The Response to Roar: Let’s Keep it Going

So the thing about Roar, is that it was a celebration of where I am at right now on my journey.

My journey started long before the four minute video that you see today.

And Roar, is a symbolic event to celebrate how far I have come.

My journey has taken me from the depths of hell – when I didn’t want to get out of bed for days, when I could down an ice cream cake before my roommate got out of the shower, when I would commisserate over beers from 11am to 11pm at night with other friends experiencing depression as well – to fucking Hawaii, where I am roaring and drinking coconut water and getting my ass kicked in Kundalini yoga and sleeping for what feels like the first time in ten years.

My journey has included ups and downs and hospital visits and black out binges and financial crisis and unlimited mimosa brunches and a lot of self-help books. Not to mention multiple packs of Marlboro Menthol Lights, shameful (and I mean SHAMEFUL) booty calls, and at one point, an absurd amount of Splenda.

My journey is only my own to know the details of. Many friends know bits and pieces, but only I know the extent of the ugliness.

And so, my journey is in the paragraphs that make up this blog, but also in the spaces between.

Because sometimes there are no words to express the pain and sorrow and guilt and anger that life can bring while you just sit there and attempt to fight back with weak, Nutella-covered fists.

And that’s when you have to dance.

In musical theatre, we were always taught that when you become too overcome to speak, the only thing left to do is start singing.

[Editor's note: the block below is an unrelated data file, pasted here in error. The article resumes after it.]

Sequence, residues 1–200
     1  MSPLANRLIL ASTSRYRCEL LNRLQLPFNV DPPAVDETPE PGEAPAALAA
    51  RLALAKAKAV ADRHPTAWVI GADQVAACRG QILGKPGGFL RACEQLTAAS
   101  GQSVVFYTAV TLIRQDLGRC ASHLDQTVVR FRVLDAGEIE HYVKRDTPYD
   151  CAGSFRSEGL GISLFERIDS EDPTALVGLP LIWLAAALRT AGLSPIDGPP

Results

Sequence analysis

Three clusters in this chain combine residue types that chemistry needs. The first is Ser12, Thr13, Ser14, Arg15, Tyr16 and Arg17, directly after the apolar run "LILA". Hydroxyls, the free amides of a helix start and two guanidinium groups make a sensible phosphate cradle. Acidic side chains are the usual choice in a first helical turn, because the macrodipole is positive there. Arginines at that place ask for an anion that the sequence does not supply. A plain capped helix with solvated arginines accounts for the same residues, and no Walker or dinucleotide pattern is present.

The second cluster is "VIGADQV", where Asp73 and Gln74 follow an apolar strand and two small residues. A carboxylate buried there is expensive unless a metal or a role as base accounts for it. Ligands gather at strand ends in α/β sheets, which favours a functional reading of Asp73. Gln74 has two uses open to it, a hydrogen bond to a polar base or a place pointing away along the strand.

And then, when you’re too overcome to keep singing, the only thing left to do is to dance.

So Roar was my body being too overcome with emotion to sing, speak, write, or express.

All there was left to do, was fucking dance.

Dance, and celebrate everything that has happened up until this point. Because even the darkest moments can be celebrated when you finally accept that they have brought you to a point where you can party in tap shoes and a tutu like that.

So, in response to the comments that Roar is me promoting obesity, I say this:

I understand that obesity is a disease in this country.

What people need to understand, is that it’s something none of us has chosen.

Binge-eating is a disorder for over eight million Americans, and a habit for millions more. Just like the alcohol, narcotic, or sex additions people may have, food is our drug.

So while we overcome our addiction to using Oreos and Domino’s Deep Dish to fill the void and mask our feelings, we have to be okay with where we are at right here in this moment.